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A bank holiday in London is expected to keep trading in Europe pretty thin on Monday. Traders have had the weekend to digest all the central banker commentary from Jackson Hole. The equity market reaction to Fed Chair Powell’s speech was one of either appreciation of disinterest. The S&P500 and Nasdaq both reached all-time highs on Friday while the Dow gained over 100 points. Shares in Asia are tracking the gains on Wall Street with futures indicating a positive start in Europe.
Powell noted the economy was strong, as in previous remarks, but held back from stepping up the outlook to one that would indicate anything more than the existing ‘gradual’ rise in interest rates. The dollar has looked over-extended over the last few months with a big build up in long options and futures positions, and the last couple of weeks has seen it give up some gains. Some traders had clearly positioned for Powell to use Jackson Hole as a signpost for tighter policy, but it never came. The weakness in the dollar helped gold see its first positive weekly close in 8 weeks, with a move back above $1200 per oz.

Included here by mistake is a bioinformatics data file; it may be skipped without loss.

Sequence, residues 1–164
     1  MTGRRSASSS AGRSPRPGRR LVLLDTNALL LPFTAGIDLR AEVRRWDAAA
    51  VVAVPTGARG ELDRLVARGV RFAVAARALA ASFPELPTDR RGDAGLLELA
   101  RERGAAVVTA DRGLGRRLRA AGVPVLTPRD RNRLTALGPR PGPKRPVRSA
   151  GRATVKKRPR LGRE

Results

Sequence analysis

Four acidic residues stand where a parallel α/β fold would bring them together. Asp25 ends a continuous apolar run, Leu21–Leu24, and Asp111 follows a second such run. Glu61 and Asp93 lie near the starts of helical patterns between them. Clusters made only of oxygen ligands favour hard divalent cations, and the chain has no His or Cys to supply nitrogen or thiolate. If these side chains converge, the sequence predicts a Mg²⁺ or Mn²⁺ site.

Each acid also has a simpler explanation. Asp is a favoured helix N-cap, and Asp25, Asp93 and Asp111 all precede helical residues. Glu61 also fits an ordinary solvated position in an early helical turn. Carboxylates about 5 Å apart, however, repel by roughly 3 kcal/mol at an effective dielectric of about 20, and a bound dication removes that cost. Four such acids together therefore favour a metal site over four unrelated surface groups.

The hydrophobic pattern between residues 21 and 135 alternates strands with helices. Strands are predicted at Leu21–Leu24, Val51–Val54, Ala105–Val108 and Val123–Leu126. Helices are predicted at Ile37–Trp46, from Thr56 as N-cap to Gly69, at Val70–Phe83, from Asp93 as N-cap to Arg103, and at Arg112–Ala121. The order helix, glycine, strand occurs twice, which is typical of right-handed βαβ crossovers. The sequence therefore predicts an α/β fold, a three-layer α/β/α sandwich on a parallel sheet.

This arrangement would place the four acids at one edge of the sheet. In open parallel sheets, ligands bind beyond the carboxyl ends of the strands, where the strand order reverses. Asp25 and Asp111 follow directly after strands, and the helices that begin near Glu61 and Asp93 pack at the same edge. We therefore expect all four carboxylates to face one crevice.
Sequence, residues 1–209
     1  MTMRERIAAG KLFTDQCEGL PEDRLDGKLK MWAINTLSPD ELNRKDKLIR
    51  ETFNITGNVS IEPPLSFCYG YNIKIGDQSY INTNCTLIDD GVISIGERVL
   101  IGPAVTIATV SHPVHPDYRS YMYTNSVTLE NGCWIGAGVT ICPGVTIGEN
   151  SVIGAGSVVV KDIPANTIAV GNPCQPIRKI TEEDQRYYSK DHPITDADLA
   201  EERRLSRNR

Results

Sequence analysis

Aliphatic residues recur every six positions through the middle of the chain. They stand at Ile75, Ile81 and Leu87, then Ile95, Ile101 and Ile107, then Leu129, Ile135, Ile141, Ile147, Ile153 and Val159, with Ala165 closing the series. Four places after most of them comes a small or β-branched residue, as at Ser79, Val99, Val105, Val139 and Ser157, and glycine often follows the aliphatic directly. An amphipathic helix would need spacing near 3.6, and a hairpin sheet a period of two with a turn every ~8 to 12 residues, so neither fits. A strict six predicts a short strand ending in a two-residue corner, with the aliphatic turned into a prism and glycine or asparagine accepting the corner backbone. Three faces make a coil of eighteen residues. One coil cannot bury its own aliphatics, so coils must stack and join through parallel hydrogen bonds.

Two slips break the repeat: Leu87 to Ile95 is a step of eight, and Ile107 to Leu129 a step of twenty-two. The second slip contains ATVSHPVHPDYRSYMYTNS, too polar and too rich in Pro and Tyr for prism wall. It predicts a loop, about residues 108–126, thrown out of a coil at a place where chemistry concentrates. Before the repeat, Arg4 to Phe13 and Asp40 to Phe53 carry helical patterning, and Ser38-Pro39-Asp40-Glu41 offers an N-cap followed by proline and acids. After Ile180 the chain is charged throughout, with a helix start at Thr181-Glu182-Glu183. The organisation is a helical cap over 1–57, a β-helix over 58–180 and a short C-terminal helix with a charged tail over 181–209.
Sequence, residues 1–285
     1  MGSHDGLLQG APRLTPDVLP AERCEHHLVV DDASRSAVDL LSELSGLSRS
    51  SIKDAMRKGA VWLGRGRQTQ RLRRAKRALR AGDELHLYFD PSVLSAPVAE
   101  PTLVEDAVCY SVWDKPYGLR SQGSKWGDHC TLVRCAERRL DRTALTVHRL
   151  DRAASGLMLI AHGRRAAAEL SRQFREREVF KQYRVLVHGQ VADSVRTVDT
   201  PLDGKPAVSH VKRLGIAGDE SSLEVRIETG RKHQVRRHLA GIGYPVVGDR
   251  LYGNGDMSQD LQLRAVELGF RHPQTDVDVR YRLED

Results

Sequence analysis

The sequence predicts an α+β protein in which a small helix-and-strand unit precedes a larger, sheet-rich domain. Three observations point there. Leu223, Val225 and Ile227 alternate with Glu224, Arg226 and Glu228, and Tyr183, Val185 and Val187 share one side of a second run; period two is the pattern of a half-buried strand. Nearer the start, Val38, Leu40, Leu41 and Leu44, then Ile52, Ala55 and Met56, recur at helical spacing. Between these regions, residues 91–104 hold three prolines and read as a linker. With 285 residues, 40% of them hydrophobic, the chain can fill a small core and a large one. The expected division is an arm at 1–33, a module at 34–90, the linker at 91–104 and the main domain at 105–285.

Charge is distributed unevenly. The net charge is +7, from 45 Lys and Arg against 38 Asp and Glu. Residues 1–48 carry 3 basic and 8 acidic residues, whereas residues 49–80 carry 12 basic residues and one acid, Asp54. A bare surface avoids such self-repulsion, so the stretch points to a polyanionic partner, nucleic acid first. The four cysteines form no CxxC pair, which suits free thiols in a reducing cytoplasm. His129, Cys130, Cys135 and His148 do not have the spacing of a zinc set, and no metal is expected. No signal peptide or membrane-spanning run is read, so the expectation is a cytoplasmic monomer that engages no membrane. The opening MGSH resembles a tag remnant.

The political turmoil engulfing the US President and his advisers seems to have done little to dampen market spirits. The effect of Trump’s political issues could become more marked if he turns to other issues like the trade war as a means of distraction. The low-level trade war talks ended with a whimper last week, but expectations had seemingly been set low enough going into them, so the disappointment was limited.
Looking forward, German IFO data is released on Monday. Expectations for business conditions are expected to have ticked up slightly in August after slumping in prior months. For now, at least Europe appears to be out the of the firing line of US sanctions, which should offer relief to German business leaders.